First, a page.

We recently went on a weekend camping trip. It is the same camping trip that has been organized by a group of friends from our high school since 1983. It’s called Summer Soltesz after the originator, Steve Soltesz who unfortunately passed away 2 years ago.
The weekend was very much the same as in years past, but also different in so many ways. First, many of the attendees are parents, so the original party weekend in the woods now involves a pavilion where our children perform, drinking games are replaced by beading and crafts, and most everyone is asleep pretty early. It’s come to be a truly great family weekend. That’s not to say that there aren’t still drinking games, but they happen after the tents are filled with mouth breathing little ones passed out from a day on the lake.
One of the major changes wrought on this event is the shifting status of families. Whereas in past years also, young couples were forming and new people were brought into the event through marriage, this year several long standing marriages were reported in jeopardy. Given the large number of families that have come to camp each year, this should not have been a surprise, but it still was. The reality of (1) not seeing the usual couples together because one stayed away as a result of the separation, or (2) seeing two people who literally have a hundred mutual friends sitting frostily at separate camps, was unsettling. I was sad for all of us.
At the end of this strange, and yet still wonderful weekend, there was much to absorb. Frank and I worked silently together to strike camp beginning shortly after we got up until close to lunch hour. And as we were ready to leave, Frank had one final bit of bad news: He had just padlocked the trailer with the truck keys inside.
It was hot. We were tired. It was time to go and we couldn‘t leave. Frank asked around for a bolt cutter to get the padlock off, and actually found someone who had one to lend. Unfortunately, it was broken in the attempt to get to the keys.
Did I mention it was hot and we were tired? Since we had a car and dad hat the truck, the kids wanted to leave and let Daddy catch up later. When I told them we were not leaving Daddy, they had a ton of suggestions for how he might succeed (Bad Idea). It was lunch time and everyone was hungry, but first, we decided we would go to Walmart to buy another pair of bolt cutters…and a t-shirt. My beloved’s shirt had been “decorated” by a bird at some point during our morning’s work. After 20 + years together, I had learned one thing about how to deal with my husband: when Frank is upset/hurt/angry/frustrated, my best bet is to shut up, stay calm, and be supportive. And so we all drove to the Walmart, got his tools and tee and headed back. The kids and I waited in the air-conditioned car as Frank went back to struggle with breaking into our trailer.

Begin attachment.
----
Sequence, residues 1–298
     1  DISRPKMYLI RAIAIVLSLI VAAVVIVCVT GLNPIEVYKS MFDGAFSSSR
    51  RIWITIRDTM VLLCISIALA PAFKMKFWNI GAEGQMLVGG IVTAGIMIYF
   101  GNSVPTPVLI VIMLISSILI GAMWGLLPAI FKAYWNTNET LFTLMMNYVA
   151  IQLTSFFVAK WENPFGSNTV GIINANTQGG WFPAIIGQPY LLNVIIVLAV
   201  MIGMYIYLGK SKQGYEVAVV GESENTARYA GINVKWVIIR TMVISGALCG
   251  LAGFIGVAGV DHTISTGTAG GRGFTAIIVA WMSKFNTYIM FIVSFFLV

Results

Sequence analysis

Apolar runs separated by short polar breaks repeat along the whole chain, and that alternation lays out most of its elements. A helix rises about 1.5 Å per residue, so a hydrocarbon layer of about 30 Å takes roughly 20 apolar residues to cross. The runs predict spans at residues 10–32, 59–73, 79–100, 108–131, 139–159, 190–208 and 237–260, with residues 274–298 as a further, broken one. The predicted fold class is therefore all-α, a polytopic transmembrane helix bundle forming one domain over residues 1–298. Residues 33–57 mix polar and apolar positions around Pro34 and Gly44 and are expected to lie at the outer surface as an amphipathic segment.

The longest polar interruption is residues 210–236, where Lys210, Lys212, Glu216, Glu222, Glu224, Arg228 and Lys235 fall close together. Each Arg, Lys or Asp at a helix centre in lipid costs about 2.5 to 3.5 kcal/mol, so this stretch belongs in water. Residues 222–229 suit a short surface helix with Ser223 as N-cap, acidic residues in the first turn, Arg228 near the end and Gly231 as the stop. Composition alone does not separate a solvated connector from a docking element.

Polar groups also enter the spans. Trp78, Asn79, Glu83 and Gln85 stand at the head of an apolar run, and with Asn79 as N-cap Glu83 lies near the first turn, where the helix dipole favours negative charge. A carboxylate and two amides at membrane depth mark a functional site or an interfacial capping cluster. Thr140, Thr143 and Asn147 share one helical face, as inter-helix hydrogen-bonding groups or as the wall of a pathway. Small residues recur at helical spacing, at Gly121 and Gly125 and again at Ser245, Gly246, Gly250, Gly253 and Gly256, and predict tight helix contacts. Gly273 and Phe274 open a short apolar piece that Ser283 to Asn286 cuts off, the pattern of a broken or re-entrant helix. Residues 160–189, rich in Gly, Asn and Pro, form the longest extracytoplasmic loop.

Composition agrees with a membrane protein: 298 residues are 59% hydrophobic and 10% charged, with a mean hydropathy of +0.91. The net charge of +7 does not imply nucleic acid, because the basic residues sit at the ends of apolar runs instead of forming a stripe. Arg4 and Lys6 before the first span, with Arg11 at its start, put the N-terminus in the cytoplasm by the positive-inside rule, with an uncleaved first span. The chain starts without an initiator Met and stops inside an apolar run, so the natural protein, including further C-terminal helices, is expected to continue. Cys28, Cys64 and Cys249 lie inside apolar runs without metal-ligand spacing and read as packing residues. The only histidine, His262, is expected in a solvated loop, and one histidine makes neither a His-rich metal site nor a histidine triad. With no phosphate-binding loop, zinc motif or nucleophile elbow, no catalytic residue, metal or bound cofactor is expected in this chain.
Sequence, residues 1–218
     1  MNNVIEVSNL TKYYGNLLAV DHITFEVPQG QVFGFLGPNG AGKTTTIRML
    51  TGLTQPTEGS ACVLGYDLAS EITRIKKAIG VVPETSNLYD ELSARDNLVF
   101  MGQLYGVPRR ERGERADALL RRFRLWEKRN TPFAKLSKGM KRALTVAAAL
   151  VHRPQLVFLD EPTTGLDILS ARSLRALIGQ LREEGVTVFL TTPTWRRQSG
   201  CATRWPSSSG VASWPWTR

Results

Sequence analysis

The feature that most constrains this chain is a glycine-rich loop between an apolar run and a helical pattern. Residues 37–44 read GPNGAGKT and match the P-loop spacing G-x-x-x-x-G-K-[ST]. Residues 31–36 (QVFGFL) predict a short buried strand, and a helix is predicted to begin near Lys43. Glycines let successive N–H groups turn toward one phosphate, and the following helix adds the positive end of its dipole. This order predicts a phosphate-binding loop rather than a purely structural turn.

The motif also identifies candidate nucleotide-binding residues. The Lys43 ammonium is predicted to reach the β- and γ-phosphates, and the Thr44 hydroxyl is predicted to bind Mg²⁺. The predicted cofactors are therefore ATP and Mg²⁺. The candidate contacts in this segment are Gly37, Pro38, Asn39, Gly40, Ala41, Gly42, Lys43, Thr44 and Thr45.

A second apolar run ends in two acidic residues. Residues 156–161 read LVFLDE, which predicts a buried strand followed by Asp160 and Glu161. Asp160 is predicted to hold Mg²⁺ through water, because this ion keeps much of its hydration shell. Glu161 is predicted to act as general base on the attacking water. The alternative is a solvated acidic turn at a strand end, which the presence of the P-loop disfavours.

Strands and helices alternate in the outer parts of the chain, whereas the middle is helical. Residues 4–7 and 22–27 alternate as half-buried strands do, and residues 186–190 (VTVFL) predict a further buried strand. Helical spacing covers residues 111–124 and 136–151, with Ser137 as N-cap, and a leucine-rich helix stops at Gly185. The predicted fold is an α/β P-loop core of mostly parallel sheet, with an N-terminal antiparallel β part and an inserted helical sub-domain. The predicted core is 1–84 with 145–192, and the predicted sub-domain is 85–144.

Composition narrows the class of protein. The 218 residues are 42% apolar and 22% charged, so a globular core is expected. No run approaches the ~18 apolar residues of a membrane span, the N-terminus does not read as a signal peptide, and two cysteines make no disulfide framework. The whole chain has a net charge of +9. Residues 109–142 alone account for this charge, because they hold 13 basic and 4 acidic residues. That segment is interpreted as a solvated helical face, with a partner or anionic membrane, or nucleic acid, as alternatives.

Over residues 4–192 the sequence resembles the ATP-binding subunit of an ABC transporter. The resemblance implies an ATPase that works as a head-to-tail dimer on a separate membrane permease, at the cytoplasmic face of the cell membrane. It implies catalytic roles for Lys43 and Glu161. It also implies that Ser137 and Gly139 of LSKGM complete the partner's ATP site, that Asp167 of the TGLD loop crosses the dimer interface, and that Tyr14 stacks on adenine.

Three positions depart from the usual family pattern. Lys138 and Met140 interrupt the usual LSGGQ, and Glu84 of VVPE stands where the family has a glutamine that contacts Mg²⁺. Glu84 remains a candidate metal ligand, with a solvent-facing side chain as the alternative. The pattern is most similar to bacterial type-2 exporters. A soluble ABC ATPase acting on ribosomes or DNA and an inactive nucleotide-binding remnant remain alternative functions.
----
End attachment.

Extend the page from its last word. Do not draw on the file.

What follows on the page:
The children began prompting me with what we should tell Daddy he should do. I whispered to them the secret: “When daddy is frustrated and saying ‘big words’ it is best for us to be quiet and wait to be asked for help instead of offering any help.” That’s when my lovely son Bryce said,
“Mommy, maybe we should pray for Daddy.”
I replied, “I already have.”
Me too! he cried.
“Me too!” chuckled my daughter, Clarke.
“But, said Bryce, “I want to pray all together.”
And so we did. And at that point, Frank go into the truck. (Yeah, God!)
Later, as we were headed down the highway toward a late lunch, something very important became apparent to me and I shared it with the kids.
“Do you know what you witnessed today, kids?”
“No, what?” they asked.
“Marriage,” I told them. “That is what marriage is. When things are inconvenient and frustrating and not working right: remember that you are in it together and support one another lovingly and quietly.”
That and the Grace of God has helped us through.
Hopefully, the kids got the message.